Greed can ruin a Dungeons and Dragons adventure. Wizened adventurers of the pen-and-paper era all have stories to tell about how they lost a favourite character by delving too deep into a dungeon, springing a trapped treasure chest, or grabbing a golden idol on a conspicuous pedestal.
Greed can also ruin a video game. Knights of Pen and Paper is a title with a marvellous premise and great execution foiled by its obvious attempts to squeeze a few extra dollars out of its players.
Knights of Pen and Paper is a turn-based roleplaying game. The player assembles a party of heroes and sets forth on a grand adventure to quash evil in a land of swords and sorcery.
The gimmick of the game is that it is framed within a session of Dungeons and Dragons (or a non-copyright infringing equivalent, to be precise). The heroes in the player’s party are in fact friends, neighbours, and relatives, and their grand adventure is being narrated by an obese pony-tailed comic book nerd.
I am in love with the premise of Knights of Pen and Paper. You can owe it to my background as a pen-and-paper enthusiast, but with these types of games oozing their way into mainstream media thanks to shows like Community (and to a lesser extent, its inbred half-brother Big Bang Theory), the core concept is bemusing enough to appeal to a wide audience.
It’s impossible to play the game without smiling. The characters that populate your table are humourous archetypes, running the gambit from generic nerd, to Queen Street hipster, to dishevelled metal enthusiast, to hyperactive younger brother. Assigning them classes that compliment (or contradict) their core personalities is a fun exercise; my party’s front-line fighter was a grandmother with an explosive scorning voice.
The retro aesthetic only adds to the charm of the game. The artists at Paradox Interactive are savants with pixel art, succeeding in creating characters that are both easily identifiable and memorable. Visual flourishes, such as the cinematic transitions between locations and the dozens of pop cultural easter eggs hidden in each backdrop, demonstrate an attention to detail lacking in many other throwback titles.
It’s a shame that the excellent premise and graphics are squandered on lacklustre gameplay. Although the concept behind Knights of Pen and Paper is rooted in the mythology of classic pen-and-paper games, the mechanics are entangled within the impenetrable tradition of Japanese roleplaying games.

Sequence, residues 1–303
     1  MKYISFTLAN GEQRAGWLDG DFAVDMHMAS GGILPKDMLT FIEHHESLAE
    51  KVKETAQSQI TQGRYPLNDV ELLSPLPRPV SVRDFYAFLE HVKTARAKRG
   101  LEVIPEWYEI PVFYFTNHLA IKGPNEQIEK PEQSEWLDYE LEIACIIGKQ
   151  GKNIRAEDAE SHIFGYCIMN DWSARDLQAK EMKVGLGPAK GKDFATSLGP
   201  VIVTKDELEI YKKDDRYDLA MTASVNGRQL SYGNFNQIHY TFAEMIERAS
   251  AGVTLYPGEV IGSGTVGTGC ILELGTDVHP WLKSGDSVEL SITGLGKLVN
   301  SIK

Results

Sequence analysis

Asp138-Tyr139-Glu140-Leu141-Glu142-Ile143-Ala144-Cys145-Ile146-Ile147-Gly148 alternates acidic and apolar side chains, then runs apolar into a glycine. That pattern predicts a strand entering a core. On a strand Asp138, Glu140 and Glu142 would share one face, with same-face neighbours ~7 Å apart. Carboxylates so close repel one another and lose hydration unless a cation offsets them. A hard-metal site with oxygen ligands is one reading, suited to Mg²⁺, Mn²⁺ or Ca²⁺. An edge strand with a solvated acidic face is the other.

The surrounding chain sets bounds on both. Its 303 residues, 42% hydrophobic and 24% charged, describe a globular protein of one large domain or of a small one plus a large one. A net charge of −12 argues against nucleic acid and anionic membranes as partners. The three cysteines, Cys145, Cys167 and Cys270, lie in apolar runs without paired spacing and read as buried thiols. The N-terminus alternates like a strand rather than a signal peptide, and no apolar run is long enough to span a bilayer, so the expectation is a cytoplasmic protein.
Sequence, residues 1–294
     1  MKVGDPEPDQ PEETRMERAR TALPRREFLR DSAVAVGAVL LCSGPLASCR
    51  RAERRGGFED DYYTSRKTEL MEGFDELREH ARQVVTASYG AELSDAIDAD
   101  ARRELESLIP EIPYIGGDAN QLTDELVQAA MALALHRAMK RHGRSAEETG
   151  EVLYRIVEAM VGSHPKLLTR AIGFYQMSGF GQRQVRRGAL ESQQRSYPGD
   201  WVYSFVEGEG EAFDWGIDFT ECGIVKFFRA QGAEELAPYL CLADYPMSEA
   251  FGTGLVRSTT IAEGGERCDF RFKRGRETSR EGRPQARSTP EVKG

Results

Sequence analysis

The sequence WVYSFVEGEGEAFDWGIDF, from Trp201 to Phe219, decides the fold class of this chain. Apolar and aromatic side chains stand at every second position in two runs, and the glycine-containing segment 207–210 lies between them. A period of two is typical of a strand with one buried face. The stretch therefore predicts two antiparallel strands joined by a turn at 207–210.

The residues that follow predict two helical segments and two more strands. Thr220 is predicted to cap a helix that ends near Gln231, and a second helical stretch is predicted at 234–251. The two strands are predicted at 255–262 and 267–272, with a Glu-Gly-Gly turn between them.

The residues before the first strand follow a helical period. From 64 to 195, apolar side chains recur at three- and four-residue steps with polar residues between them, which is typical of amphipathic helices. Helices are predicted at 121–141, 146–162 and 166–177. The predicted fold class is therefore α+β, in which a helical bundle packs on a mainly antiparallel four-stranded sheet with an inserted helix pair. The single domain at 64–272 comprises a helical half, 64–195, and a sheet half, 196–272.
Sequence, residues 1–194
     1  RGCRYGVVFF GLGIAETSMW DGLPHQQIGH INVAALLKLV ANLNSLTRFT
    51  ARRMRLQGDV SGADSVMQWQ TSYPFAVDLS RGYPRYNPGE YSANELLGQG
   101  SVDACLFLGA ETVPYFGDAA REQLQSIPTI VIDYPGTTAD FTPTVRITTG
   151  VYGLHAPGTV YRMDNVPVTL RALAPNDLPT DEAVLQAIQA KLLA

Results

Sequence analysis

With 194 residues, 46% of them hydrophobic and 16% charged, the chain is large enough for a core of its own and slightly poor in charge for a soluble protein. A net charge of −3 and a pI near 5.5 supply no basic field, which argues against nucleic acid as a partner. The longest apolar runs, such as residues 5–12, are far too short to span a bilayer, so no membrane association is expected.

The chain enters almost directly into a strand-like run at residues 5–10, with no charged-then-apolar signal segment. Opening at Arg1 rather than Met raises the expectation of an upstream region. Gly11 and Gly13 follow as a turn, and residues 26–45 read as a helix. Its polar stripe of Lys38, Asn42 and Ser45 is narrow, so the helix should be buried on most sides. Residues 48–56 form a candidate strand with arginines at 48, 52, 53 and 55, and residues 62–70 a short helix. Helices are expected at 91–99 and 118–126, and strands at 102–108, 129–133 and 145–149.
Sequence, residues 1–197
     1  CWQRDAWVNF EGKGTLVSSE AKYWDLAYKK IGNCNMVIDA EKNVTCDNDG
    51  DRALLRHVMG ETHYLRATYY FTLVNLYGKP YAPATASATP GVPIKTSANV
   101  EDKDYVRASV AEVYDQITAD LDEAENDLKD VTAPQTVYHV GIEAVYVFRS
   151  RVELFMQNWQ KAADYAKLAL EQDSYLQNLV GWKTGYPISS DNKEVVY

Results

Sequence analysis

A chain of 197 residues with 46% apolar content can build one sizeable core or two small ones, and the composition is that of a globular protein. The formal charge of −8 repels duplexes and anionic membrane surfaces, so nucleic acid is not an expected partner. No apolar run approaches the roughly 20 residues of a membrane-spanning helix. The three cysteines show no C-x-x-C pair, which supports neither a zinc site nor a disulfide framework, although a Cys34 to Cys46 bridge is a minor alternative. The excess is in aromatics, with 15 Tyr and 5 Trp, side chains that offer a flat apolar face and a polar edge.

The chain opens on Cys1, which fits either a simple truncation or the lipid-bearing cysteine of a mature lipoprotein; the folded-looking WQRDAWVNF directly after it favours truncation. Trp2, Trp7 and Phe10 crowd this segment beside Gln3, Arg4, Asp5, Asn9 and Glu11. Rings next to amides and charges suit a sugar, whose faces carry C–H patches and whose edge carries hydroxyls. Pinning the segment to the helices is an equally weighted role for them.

The game is a grind, plain and simple.
Each of the six classes only has four abilities to choose from, and the majority of these abilities merely inflict damage or heal it in very samey ways. Coupled with the colossal piles of hit points that monsters sit on, the turn-based battles tend to involve gratuitous amounts of button mashing.
Although it may arguably betray the old school simplicity the developers were aiming for, Knights of Pen and Paper would benefit from a subclass or perk system of advancement to keep the classes feeling fresh after prolonged play.
These spartan battle mechanics are exacerbated by the agonizingly slow accrual of wealth. Monsters drop an amount of gold entirely disproportionate to the price of simple curative items, character resurrection, and equipment upgrades.
The latter operates on a truly diabolical act of accounting. The blacksmith can upgrade your equipment for a steep fee, but his success rate is abysmally low. You have to supply him with grindstones in order to incrementally improve his success rate. Grindstones are, of course, bought from the store, costing you even more money. The craven nature of this mechanic completely perplexed me until I made a startling discovery.
There is an in-game store.
That’s right. In this simple throwback roleplaying game, there is an in-game store. At any time, you can click on the top-right corner of your screen to sacrifice real world money to the game developer gods for a pittance of in-game gold.
Regardless of my opinion about pay-to-win games, the blatant way that Paradox Interactive tethers the pacing of the game to this store is shameless.
Additional characters cost a hefty amount of gold and can only be added to your table once you’ve bought an expensive cosmetic item. Experience and power boosters are offered as an obvious panacea to the sluggish battle system. And good luck affording equipment upgrades at the blacksmith’s casino with the paltry change purses monsters mete out.
It’s an agonizing design decision: not simply because it’s corporate and cutthroat, but because it clips the wings of what could have been an amazing game. Knights of Pen and Paper has all the ingredients for success: an ingenious premise, charming graphics, and tried and tested mechanics. But the concessions made to monetize the title bleed all the fun out of it.
Even at the price tag of $9.99 on Steam, I can’t recommend picking up Knights of Pen and Paper. If you’re fishing for a retro roleplaying experience, you’re better off trying Cthulhu Saves the World or Penny Arcade‘s On the Rain-Slick Precipice of Darkness sequels.